The Aftermath and Healing of Infidelity

By: Carli Wall, MFT Intern

You have just found out your partner has cheated, or perhaps you have just revealed to your partner you were the one who stepped outside the relationship. Although the fault of infidelity or affairs does not land solely on one person in the relationship due to multiple relational patterns and factors causing the infidelity, discovering, and moving through it can be an experience full of fear and uncharted emotional territory. The aftermath and healing of infidelity outlines the five processing stages and, ultimately, healing from infidelity in a romantic relationship.

Crisis Management

The aftermath and healing of infidelity in this phase consist of couples usually reaching out and finding a couple of therapists to help them amid the crisis of discovering the presence of the infidelity. “The sense of security, stability, and control once felt by a couple has been destroyed with the betrayal, and feelings of shock, confusion, anger, and denial are common. Emotional reactions might include symptoms similar to a posttraumatic stress disorder, and suicidal ideations and homicidal threats might occur during this tumultuous time.”

The therapist will first help the couple calm themselves down and find some sense of stability in the chaos. This can be done by helping couples create a “road map” of what they might expect from this therapy process and each other. This can help couples prepare for the unpredictable emotional responses that will arise during the processing of infidelity.

Therapy has three main focuses during this stage: emotional reactions, commitment, accountability, and trust. The therapist will hold a non-judgmental, safe space for the couple to express the strong emotional responses they are having to the experience; this may consist of emotions including shock, anger, and despair. These emotions tend to be strong immediately after discovering the infidelity or affair but lessen in intensity over time. Each partner may enter therapy unaware of their level of commitment to the relationship. “Pain and anger might make it difficult for the betrayed partner to commit to the relationship.”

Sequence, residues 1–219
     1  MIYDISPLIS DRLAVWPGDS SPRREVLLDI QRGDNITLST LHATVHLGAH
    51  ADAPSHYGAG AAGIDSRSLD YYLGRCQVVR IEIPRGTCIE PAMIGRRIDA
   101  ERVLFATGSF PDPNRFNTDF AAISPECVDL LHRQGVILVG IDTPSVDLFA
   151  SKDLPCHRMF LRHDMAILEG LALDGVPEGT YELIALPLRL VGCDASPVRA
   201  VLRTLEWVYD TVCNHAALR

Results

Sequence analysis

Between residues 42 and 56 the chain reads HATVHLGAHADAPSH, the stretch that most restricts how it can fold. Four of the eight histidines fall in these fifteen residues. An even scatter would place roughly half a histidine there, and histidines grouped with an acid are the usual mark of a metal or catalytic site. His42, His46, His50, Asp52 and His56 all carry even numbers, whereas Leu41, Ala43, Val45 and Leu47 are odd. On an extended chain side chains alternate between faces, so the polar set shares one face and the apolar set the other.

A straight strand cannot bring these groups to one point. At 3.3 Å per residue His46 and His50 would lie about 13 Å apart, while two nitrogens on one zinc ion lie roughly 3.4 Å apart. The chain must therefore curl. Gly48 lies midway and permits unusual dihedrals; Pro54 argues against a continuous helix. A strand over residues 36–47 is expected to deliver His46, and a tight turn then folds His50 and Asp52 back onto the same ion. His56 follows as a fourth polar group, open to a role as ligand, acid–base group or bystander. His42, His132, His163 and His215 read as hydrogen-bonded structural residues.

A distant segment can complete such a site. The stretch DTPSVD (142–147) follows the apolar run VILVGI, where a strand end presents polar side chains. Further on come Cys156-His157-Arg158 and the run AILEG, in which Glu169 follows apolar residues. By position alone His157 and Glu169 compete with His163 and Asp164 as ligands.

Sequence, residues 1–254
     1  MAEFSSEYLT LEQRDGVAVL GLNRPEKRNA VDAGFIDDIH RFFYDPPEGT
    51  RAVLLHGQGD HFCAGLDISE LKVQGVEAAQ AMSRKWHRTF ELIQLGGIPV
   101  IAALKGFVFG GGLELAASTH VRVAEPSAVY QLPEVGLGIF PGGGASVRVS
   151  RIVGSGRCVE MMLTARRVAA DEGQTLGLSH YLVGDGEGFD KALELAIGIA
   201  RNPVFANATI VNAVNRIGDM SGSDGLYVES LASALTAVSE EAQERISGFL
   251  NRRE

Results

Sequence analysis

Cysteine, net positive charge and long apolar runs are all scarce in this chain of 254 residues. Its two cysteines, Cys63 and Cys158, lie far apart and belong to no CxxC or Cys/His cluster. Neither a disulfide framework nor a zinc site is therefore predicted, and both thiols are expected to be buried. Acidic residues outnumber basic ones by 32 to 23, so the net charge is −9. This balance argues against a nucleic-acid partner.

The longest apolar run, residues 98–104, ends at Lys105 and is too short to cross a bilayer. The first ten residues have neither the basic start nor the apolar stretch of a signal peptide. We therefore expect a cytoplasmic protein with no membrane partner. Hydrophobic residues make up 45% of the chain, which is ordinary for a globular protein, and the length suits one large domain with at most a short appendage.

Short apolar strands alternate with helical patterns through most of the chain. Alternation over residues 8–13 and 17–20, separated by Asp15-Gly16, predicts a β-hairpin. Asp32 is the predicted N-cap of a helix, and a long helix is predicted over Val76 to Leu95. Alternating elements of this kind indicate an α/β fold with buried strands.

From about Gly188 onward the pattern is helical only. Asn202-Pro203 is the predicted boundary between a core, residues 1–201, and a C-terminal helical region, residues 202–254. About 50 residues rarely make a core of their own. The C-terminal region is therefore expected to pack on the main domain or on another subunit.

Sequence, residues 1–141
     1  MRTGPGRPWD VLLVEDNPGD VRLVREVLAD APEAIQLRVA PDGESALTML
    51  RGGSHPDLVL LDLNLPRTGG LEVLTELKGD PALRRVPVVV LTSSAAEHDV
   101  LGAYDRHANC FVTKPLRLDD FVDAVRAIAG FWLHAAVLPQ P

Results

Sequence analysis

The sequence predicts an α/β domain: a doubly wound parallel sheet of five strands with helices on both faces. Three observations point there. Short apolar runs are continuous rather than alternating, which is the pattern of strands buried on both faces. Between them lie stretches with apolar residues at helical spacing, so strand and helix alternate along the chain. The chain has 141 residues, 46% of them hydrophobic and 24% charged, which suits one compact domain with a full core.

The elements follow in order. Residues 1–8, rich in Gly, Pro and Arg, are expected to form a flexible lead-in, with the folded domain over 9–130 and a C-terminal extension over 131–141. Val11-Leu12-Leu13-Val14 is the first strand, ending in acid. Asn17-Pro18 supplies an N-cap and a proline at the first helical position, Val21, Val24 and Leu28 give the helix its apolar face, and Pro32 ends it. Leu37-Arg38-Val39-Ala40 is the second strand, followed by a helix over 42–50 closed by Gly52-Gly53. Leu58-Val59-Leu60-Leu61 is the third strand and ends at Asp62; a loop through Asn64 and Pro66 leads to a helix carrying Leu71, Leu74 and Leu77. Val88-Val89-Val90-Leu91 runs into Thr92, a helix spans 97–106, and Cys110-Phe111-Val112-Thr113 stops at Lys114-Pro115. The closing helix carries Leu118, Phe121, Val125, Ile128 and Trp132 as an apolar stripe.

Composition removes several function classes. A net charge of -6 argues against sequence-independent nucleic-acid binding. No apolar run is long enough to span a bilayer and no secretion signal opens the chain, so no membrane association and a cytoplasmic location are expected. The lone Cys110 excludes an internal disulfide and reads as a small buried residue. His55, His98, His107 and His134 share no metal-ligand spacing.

It is highly recommended in this phase that no decision is made about ending the relationship since both partners may still be extremely emotionally reactive at this time. “In the case of ongoing infidelity, the unfaithful partner must agree to break off all contact with the outside person for couples therapy to continue. If a deeper attachment has formed, grieving needs to take place so that the partner can again fully commit himself or herself to the primary relationship. This is best addressed in individual sessions.” Once the reactions have settled, partners have calmed down and begun to see clearly. The couple can decide if they ultimately want to stay together and work on the relationship or walk away from it.

Accountability and trust are the biggest themes in the first phase of processing through infidelity. Infidelity is a betrayal of honesty and trust in the relationship. Building trust is a long process, but trust can be rebuilt with time, patience, and open and honest communication. Ultimately, the experience can lead to an even stronger, more connected relationship than before the infidelity. This is because infidelity throws a wrench in the relational patterns and forces the partners to look at both themselves and the relationship to confront what was not working and what needs to change to move forward together (if that is what the couple chooses to do).

Systemic Considerations

After the initial emotional processing of the infidelity, couples will begin to look at and understand all the factors that contributed to the infidelity. These factors worth exploring in this phase consist of individual, relational, family of origin, and patterns. In this phase, it is also important to look at and evaluate any mental health disorders that may have contributed to the infidelity. Biological factors also may put couples at risk of infidelity, including illness, age-related conditions, and where the individuals fall in their developmental stages (mid-life crisis can greatly increase the risk of infidelity). It’s important to evaluate each partner’s family of origin values regarding romantic and intimate relationships since infidelity might also be related to attitudes and behaviors learned in the partner’s family or origin during childhood.

With the help of a therapist, the couple now begins to look at their relational patterns and observe and understand through curiosity what was not working in their past relationship and was in regard to expectations, communication dynamics, problem-solving efforts, emotional closeness, and physical intimacy.

Facilitating Forgiveness